Are You in Diabetes Denial?
Denying you have type 2 diabetes won't make it go away. Here's how to accept your diagnosis, manage your disease, and get on with your life.
Tackling Type 2 Diabetes continued...
Don't forget your flu shot. People with
diabetes "are at higher risk of getting the flu," says Breen. So make a
stop at your primary care doctor's office on your way home from work and ask
for the flu shot.
Be good to your heart. "It's critical to control blood pressure,
cholesterol, and your sugar levels," says Breen. "These all play a role
in your risk of stroke and heart disease. If you can bring
all these numbers to within normal ranges, you can really cut your risk almost
to the level of not having diabetes."
Get on with your life. "Clearly, you need to understand what type
2 diabetes means so that you don't minimize it, but don't turn it into a
catastrophe," says Rubin. "You need to know what it takes to live
healthy with the disease, and then you need to get on with your life."
Living Well With Type 2 Diabetes
Don White accepted his diabetes head-on when he was first diagnosed in his
40s, and together with his family, made all the necessary adjustments to his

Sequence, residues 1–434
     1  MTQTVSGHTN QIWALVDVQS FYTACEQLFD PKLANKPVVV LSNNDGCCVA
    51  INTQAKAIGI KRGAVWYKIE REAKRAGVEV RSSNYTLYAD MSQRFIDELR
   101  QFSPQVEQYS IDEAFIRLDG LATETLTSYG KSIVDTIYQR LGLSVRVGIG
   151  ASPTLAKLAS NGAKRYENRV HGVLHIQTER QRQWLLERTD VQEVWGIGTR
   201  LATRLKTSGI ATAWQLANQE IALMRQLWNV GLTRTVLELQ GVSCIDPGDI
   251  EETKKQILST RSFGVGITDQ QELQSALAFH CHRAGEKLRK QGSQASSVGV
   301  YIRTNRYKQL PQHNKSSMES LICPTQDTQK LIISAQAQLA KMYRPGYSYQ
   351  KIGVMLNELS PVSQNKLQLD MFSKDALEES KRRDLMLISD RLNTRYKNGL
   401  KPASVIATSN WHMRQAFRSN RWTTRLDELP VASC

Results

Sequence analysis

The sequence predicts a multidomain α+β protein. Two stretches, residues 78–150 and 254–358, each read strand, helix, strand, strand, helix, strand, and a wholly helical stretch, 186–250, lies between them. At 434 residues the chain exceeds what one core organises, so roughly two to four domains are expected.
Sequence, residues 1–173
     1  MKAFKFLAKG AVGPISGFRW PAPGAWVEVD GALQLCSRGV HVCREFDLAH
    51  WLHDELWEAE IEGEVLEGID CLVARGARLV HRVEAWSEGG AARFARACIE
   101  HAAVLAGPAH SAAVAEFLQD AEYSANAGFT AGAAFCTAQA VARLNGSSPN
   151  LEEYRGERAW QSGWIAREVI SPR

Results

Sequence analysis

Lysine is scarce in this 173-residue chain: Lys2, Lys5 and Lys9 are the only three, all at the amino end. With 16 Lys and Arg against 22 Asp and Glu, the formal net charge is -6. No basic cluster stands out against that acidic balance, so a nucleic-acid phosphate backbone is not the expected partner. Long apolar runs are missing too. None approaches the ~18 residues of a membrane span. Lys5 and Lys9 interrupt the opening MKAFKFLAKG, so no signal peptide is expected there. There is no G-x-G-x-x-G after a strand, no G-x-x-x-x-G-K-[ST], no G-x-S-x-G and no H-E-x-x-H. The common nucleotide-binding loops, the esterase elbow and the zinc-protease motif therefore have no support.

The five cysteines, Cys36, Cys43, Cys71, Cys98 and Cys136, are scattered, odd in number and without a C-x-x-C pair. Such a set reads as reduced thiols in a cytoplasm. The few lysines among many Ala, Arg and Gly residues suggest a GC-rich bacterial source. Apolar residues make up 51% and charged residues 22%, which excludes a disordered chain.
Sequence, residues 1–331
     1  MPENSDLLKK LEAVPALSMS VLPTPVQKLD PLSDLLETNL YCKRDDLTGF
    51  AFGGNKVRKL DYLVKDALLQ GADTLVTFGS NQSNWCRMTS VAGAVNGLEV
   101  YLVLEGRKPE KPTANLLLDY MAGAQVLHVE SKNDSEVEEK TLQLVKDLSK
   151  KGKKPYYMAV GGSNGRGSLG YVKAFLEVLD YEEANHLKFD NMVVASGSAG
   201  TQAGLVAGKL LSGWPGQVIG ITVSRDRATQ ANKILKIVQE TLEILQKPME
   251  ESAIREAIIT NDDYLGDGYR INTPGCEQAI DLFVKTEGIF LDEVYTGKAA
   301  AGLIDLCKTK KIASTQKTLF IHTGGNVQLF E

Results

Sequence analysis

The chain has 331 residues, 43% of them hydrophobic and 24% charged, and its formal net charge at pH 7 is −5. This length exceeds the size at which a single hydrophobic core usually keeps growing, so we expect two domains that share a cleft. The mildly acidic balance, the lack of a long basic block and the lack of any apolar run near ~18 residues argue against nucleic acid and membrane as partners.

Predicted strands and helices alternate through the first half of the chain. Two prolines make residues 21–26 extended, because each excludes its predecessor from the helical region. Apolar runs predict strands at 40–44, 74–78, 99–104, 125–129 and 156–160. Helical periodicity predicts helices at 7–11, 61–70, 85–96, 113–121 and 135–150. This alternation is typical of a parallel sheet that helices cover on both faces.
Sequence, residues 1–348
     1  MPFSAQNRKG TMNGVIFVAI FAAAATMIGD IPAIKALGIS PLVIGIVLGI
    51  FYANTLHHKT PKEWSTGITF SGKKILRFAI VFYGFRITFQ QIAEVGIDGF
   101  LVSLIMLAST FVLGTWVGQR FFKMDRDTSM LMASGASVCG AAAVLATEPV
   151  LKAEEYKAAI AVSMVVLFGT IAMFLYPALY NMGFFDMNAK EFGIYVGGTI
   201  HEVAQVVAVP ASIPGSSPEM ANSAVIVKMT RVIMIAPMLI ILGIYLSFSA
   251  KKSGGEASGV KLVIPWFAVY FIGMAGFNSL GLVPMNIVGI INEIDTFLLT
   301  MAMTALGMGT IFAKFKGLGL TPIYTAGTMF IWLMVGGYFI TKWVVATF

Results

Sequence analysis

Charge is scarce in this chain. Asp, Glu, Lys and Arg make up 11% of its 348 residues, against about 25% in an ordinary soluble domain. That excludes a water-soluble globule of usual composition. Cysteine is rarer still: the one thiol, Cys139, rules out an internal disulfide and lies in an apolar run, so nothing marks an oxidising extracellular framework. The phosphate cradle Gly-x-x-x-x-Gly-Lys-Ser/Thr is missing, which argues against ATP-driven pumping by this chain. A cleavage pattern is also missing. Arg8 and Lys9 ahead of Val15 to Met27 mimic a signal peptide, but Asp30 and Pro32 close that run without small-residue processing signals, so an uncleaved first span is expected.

life so that he could live well with the disease. Now, at 68, he embraces a
healthy way of life.
"My heart is in good shape, my blood pressure and cholesterol are low,
and my eyes are excellent," says White. "Other than the aches and pains
of getting old, I'm doing very well."
Like White, many people diagnosed with diabetes find they can manage the
disease without it getting in the way of the things they enjoy.
"The common refrain I hear from my patients is, 'I can't believe I
waited this long to start managing my diabetes. I wish I had come in so much
sooner,'" says Breen.
Once they get over their diabetes denial, they are so relieved to hear the
news that it is a condition that is manageable, she explains, and it's not the
end of all things pleasurable.